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American Movie Critics: From the Silents Until Now

American Movie Critics: From the Silents Until Now

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by Phillip Lopate

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An anthology of unparalleled scope, American Movie Critics charts the rise of movies as art, industry, and mass entertainment. Here are the great movie critics who forged a forceful new vernacular idiom for talking about the new art, Otis Ferguson, James Agee, Richard Schickel, Pauline Kael, Andrew Sarris, and Molly Haskell, among them. Here too are notable


An anthology of unparalleled scope, American Movie Critics charts the rise of movies as art, industry, and mass entertainment. Here are the great movie critics who forged a forceful new vernacular idiom for talking about the new art, Otis Ferguson, James Agee, Richard Schickel, Pauline Kael, Andrew Sarris, and Molly Haskell, among them. Here too are notable American writers, including Carl Sandburg, H. L. Mencken, Susan Sontag, and John Ashbery, weighing in on a range of cinematic experiences. The volume's narrative continues to the present with a sampling of the best of today's reviewers, including J. Hoberman, Roger Ebert, A. O. Scott, and Manohla Dargis. This paperback edition includes additional material reflecting the impact of the Internet and DVDs on film criticism.

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Library of America
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An Anthology From the Silents Until Now

The Library of America

Copyright © 2006 Literary Classics of the United States
All right reserved.

ISBN: 1-931082-92-8

Chapter One

Vachel Lindsay

The Bard of Springfield, Illinois, Vachel Lindsay (1879-1931) crisscrossed the United States three times in his twenties, selling his rhymes for bread, hobo-style, and spreading what he called "the gospel of Beauty." He later became a celebrity of the lecture circuit, reciting the aurally bravura, jazz-rhythmic poems such as "The Kalyope Yell," "General William Booth Enters Into Heaven" and "The Congo" that made him famous and earned him a permanent place in poetry anthologies. In addition to his twelve volumes of poetry, Lindsay wrote the first work of film aesthetics in America, The Art of the Moving Picture, a summary of what the movies had done so far as of 1914 and were capable of in the future. He divided films into categories such as the Action Film, the Intimate Film, and the Film of Splendor. Lindsay was an enthusiastic pitchman for the movies, and sought to legitimize them by comparing each category to the traditional visual arts (Sculpture-in-Motion, Painting-in-Motion, Architecture-in-Motion) and to literature (the drama, the lyric, the epic). He was guilty of rhapsodic exaggeration at times; yet, as can be seen in the chapter below, "The Photoplay of Action," he was alsoclear-sighted and funny about the genre's limitations, which he described in vigorous, peppery prose.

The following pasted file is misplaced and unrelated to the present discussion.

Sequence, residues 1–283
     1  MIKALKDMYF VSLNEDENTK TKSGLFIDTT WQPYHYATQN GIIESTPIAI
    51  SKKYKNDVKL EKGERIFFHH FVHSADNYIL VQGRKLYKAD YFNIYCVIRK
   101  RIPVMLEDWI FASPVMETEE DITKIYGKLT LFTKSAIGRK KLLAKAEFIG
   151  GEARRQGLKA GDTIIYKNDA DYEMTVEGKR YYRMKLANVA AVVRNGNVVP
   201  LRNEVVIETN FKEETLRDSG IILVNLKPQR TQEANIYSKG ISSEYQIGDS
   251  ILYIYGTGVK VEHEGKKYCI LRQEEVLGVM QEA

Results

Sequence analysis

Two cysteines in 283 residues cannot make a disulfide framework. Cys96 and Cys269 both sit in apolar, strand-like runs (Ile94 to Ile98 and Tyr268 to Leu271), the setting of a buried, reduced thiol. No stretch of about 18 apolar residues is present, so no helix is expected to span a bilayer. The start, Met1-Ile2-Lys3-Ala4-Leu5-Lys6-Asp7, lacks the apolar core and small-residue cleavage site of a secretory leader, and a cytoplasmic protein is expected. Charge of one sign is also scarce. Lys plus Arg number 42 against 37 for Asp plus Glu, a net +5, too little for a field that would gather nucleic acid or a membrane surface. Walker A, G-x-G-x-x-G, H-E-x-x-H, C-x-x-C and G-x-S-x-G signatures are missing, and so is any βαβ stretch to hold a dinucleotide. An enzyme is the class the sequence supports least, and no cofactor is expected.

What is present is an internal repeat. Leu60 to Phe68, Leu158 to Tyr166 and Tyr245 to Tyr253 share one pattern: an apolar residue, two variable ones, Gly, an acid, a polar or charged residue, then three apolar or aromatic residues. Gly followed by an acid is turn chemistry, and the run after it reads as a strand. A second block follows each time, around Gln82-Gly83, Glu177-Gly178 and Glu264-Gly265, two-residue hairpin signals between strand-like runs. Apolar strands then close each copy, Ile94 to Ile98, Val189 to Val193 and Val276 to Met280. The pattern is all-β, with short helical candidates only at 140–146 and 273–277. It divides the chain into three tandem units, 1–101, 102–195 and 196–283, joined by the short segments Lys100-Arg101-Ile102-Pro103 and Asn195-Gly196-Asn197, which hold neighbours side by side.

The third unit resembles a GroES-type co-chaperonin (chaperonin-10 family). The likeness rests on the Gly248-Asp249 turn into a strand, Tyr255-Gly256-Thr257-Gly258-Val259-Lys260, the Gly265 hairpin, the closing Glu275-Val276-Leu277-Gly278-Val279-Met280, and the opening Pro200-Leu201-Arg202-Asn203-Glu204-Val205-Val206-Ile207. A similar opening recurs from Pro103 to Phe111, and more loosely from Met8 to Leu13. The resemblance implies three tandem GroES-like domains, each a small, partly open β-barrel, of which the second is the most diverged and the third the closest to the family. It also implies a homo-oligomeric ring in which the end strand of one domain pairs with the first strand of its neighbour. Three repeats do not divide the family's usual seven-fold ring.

Decades after the poet's death, film scholar Myron Lounsbury discovered, along with scattered articles of film criticism, a second, unpublished manuscript by Lindsay, a sequel to The Art of the Moving Picture written in 1925 which he called The Greatest Movies Now Running (and which Lounsbury retitled The Progress and Poetry of the Movies), from which the second entry is excerpted. In it Lindsay lambastes the country's "beehive" conformity while singling out Douglas Fairbanks and D. W. Griffith as harbingers of a new American Renaissance.

* * *

The Photoplay of Action

Let us assume, friendly reader, that it is eight o'clock in the evening when you make yourself comfortable in your den, to peruse this chapter. I want to tell you about the Action Film, the simplest, the type most often seen. In the mind of the habitue of the cheaper theatre it is the only sort in existence. It dominates the slums, is announced there by red and green posters of the melodrama sort, and retains its original elements, more deftly handled, in places more expensive. The story goes at the highest possible speed to be still credible. When it is a poor thing, which is the case too often, the St. Vitus dance destroys the pleasure-value. The rhythmic quality of the picture-motions is twitched to death. In the bad photoplay even the picture of an express train more than exaggerates itself. Yet when the photoplay chooses to behave it can reproduce a race far more joyously than the stage. On that fact is based the opportunity of this form. Many Action Pictures are indoors, but the abstract theory of the Action Film is based on the out-of-door chase. You remember the first one you saw where the policeman pursues the comical tramp over hill and dale and across the town lots. You remember that other where the cowboy follows the horse thief across the desert, spies him at last and chases him faster, faster, faster, and faster, and finally catches him. If the film was made in the days before the National Board of Censorship, it ends with the cowboy cheerfully hanging the villain; all details given to the last kick of the deceased.